Director of AI laboratory at MIT speaks to WiSTEM club – The Sagamore

Daniela+Rus+gave+a+speech+to+the+WiSTEM+club+about+her+journey+and+research+in+the+world+of+science+and+robots+on+Wednesday%2C+oct.  +26.


Daniela Rus gave a speech to the WiSTEM club about her journey and research in the world of science and robots on Wednesday, October 26.

Daniela Rus, director of the Computer Science and Artificial Intelligence Laboratory (CSAIL) at the Massachusetts Institute of Technology (MIT), presented to the Women in STEM (WiSTEM) club on Wednesday, October 26 during X-block.

Rus said her interest in STEM was sparked by experiences from her past, as she grew up in Romania under a dictatorship, where there was a policy requiring everyone to work with machines in factories.

“For a while I went to work for a week every month in a factory that made spare parts for locomotives,” said Rus. “I learned how to use many machines. I learned how to think about robotics.”

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After Rus became a professor at MIT, Rus built AMOUR, which stands for “Autonomous Modular Optical Underwater Robot”. According to Rus, AMOUR was inspired by one of Rus’ childhood authors, Jules Vernes. The robot took three years to build, but was destroyed within three months of testing.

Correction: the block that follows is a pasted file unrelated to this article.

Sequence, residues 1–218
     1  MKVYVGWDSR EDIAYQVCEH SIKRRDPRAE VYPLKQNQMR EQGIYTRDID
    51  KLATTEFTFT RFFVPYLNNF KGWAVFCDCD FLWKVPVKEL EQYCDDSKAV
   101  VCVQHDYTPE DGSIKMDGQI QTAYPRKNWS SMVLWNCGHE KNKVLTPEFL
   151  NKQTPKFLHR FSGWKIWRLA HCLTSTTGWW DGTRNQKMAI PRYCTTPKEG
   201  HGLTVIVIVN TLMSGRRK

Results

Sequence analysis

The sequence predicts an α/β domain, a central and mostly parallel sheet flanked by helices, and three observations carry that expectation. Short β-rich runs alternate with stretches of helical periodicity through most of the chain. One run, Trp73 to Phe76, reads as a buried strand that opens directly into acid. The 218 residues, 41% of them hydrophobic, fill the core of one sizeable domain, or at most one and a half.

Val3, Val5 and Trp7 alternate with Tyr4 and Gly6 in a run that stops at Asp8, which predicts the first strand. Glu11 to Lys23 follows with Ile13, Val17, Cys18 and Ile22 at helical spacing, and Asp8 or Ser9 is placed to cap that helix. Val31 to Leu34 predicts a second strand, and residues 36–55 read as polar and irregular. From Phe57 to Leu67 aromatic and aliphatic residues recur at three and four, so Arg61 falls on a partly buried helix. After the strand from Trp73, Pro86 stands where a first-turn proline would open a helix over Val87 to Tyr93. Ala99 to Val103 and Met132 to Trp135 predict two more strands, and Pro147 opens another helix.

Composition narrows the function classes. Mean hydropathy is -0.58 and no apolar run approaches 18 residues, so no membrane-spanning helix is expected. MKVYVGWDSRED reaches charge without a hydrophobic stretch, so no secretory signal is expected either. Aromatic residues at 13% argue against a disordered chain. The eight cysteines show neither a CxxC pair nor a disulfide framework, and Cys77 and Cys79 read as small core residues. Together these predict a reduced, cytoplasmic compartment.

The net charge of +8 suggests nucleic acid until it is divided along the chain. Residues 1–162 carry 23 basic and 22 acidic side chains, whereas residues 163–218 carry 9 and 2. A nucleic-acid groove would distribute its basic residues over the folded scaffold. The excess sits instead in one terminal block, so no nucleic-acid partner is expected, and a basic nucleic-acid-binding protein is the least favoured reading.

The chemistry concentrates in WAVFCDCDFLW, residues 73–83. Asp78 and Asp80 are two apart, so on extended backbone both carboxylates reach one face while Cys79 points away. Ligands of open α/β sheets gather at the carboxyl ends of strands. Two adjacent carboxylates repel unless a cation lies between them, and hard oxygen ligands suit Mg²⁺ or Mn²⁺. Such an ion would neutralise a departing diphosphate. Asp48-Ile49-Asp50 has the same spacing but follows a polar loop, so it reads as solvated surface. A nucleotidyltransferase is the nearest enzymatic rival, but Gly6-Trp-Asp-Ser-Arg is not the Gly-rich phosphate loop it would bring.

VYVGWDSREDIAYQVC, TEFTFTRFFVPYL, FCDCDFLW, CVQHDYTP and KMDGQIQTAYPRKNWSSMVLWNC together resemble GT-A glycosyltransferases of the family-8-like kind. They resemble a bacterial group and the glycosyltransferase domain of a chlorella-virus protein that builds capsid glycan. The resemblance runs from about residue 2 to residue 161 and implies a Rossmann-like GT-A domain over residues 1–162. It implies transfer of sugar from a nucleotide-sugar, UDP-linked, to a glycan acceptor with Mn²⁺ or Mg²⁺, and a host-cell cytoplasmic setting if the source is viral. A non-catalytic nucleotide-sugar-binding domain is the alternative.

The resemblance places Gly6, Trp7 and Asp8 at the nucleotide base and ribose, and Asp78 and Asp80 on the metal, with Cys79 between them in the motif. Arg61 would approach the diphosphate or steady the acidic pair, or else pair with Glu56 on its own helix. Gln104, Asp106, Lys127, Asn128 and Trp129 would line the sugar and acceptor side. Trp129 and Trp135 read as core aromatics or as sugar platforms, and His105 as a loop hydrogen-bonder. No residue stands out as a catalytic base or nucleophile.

After the destruction, Rus said she was determined to rebuild the AMOUR. Rus said because of rapid advances in technology, the rebuilding process was much faster.

“Great failures teach us great lessons. It took three years to make the AMOUR robot, and three months to make three copies of the AMOUR robot,” Rus said.

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Rus also spoke about her research regarding the relationship between reprogrammable cells and robots. Rus said they could be applied to robots to re-configure themselves for all tasks.

“[Through reprogrammable cells] a robot might have the best form for a task,” Rus said. “Suppose the robot needs a screwdriver from above on a shelf. If the screwdriver is too high to reach, then maybe, the robot will remix its cells to grow an extra long arm to get the screwdriver.”

With many reprogrammable cellular robots already in use, Rus said she is excited about the future of technology and how it will be shaped by a wide variety of robots.

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“Each of us could dream of robots that save lives, improve lives and perform various tasks,” said Rus. “To me this future with many robots brings us so many possibilities and the possibility to have so much fun.”

Rus said that STEM is a field for everyone, and that it is an outlet for innovation and reward.

“STEM is a place where [everyone] can contribute,” said Rus. “You can be creative, and given the areas where devices and coding have advanced, it’s a place where you can really empower yourself.”


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